I didn’t make this one up…
Cognitive Handicaps in the Realm of Consumer Privacy.
Critical thinking skills and human rights awareness are needed more than ever in research. My review is rather old, but some proponents of behavioral economics are still kicking the consumer square – and with renewed energy.
This article by Professor Dilip Soman and Melanie Kim, MBA, research associate at the Rotman School of Management, University of Toronto Ontario Canada was recently reprinted in revised form in the Toronto Globe and Mail. (Link to the revision is given at the end of the post.) Prof Soman is also appointed by the Privy Council Office in the Canadian Federal Government as a Senior Policy Advisor at the Innovation Hub in Ottawa.
Their story begins with the statement that online privacy breaches by large retailers such as Home Depot and Target are on the increase. Two explanations for the phenomena are presented. The first is summed up as: The more information companies can get from consumers, the more money they can make.
The second claimed force behind the alleged increase in privacy violations is described in a long, and largely unsubstantiated, attack on the mental capacity of consumers. The report blames shoppers for the increase in breaches, asserting that all of us consumers are irrational. The opening examples used by the authors don’t relate well to this notion.
Consumers are Irrational?
Hackers stealing Home Depot’s credit and debit card databases are apparently evidence of consumer incompetence. While a shopper with extensive training in risk evaluation might have an advantage in identifying on-line security factors, would even widespread education of this nature prevent criminal activity? How does this illegal activity reflect on the mental capacity of shoppers?
If a bank is robbed, are clients to be diagnosed as cognitively crippled if they continue to do business with banks?
Another example used in the article also misses the point. Regardless of the details, the unexpected result of one teenager’s disclosure of personal information to one retailer (Target), is insufficient evidence to condemn all consumers as mentally incompetent. It doesn’t support the idea that the unfortunate teen is, either. And was the retailer really out of line? With the regulations as they are, it doesn’t seem likely.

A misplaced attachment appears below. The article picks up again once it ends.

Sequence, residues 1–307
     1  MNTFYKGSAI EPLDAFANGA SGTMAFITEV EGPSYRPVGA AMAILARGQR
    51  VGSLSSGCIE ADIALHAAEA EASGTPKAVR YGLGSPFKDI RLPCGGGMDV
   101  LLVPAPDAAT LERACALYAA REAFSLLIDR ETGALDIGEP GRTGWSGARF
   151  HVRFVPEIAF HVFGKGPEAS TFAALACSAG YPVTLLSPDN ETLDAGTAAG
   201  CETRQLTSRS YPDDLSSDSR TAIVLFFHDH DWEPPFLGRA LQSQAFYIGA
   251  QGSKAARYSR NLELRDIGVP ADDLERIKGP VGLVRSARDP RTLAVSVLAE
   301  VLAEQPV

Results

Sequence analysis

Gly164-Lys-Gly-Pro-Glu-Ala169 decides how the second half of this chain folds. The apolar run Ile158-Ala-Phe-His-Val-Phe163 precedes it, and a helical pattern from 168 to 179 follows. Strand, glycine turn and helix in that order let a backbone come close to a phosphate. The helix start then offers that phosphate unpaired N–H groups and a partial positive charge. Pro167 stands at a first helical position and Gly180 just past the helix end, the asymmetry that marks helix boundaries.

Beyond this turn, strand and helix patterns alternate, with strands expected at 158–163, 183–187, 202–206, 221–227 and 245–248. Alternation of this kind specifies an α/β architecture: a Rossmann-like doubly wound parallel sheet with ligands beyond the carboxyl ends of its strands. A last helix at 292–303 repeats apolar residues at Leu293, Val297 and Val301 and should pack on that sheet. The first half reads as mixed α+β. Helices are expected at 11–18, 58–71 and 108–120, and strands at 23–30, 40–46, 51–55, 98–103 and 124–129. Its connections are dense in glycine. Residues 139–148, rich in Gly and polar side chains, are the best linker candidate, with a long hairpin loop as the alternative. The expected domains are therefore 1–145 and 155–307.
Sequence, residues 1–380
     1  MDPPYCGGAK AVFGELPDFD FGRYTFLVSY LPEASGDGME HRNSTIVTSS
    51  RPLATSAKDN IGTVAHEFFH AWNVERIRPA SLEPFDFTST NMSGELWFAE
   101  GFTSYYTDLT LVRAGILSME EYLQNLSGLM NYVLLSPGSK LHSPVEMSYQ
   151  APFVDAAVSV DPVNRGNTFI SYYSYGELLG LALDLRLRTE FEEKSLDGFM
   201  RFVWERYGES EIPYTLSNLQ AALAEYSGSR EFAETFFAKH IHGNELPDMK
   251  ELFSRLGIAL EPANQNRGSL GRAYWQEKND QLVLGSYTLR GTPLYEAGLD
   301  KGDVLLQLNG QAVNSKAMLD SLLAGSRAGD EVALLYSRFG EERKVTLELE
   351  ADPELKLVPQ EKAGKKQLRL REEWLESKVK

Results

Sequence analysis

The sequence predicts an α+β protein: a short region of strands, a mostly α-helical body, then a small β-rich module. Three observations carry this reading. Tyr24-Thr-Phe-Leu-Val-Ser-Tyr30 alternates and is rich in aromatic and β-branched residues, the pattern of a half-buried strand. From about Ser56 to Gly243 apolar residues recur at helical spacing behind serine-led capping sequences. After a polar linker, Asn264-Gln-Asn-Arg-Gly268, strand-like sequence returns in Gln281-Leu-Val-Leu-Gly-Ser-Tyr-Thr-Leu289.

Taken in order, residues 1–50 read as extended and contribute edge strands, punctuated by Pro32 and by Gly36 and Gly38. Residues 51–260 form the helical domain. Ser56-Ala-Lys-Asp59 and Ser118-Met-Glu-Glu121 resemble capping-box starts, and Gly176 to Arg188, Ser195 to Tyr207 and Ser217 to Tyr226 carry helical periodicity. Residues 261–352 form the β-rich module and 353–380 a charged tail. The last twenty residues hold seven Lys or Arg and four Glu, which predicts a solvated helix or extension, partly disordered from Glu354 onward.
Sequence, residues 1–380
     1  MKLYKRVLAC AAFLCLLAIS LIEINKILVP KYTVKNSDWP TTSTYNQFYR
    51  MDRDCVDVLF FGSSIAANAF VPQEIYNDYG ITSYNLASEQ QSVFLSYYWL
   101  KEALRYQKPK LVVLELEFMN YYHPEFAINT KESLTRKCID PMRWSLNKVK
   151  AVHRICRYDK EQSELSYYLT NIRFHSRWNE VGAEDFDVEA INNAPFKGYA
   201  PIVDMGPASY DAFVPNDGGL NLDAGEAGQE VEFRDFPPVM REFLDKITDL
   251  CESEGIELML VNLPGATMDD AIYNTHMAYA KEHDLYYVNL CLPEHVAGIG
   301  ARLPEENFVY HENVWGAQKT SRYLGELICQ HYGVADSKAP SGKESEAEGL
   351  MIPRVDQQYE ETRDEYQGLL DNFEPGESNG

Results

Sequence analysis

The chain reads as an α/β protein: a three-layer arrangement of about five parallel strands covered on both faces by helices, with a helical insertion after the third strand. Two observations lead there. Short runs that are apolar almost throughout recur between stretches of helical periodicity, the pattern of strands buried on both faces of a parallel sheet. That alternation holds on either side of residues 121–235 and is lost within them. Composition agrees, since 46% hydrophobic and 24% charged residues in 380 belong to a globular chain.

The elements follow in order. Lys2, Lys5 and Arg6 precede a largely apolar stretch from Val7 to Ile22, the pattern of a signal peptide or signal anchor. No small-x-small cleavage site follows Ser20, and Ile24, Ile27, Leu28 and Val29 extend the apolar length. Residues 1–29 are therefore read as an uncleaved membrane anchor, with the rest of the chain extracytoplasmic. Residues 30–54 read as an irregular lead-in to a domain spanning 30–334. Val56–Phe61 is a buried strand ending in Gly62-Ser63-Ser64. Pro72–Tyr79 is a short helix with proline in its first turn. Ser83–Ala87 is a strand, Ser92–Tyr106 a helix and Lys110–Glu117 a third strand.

Appeals to Authority?
A mere mention of decades of research in the behavioral sciences, with no citations or references given, is misused to lend credence to idea of widespread lack of cognitive apparatus and motivation in consumers. The deficiencies are said to be complicated by inconsistencies of attitude and behavior. Apparently some people – described as outraged by the events at Home Depot and Target – reveal personal information themselves by posting about their vacations, purchases and whereabouts on Facebook.
The actual inconsistencies are not described and blithely condemned as reckless behavior. What they might have to do with posting on Facebook isn’t revealed, but alleged causes of the unidentified inconsistencies are given:
1 – Consumers are limited processors of information.
I have to disagree. Consumer access to clear, relevant, understandable information is what’s limited.
2 – Consumers are susceptible to cognitive laziness.
Again, I disagree. Conjuring the hasty conclusion of laziness is misleading and prejudiced. Hunger, fatigue, stress, time constraints, illness, lack of information, just to name a few factors, affect human cognition regardless of training, experience, educational or professional level. We know we have to avoid decision-making when under-par, but blunders do happen. Blaming them on laziness is inaccurate.
3 – It is difficult for consumers to anticipate the ways in which their information might be made vulnerable.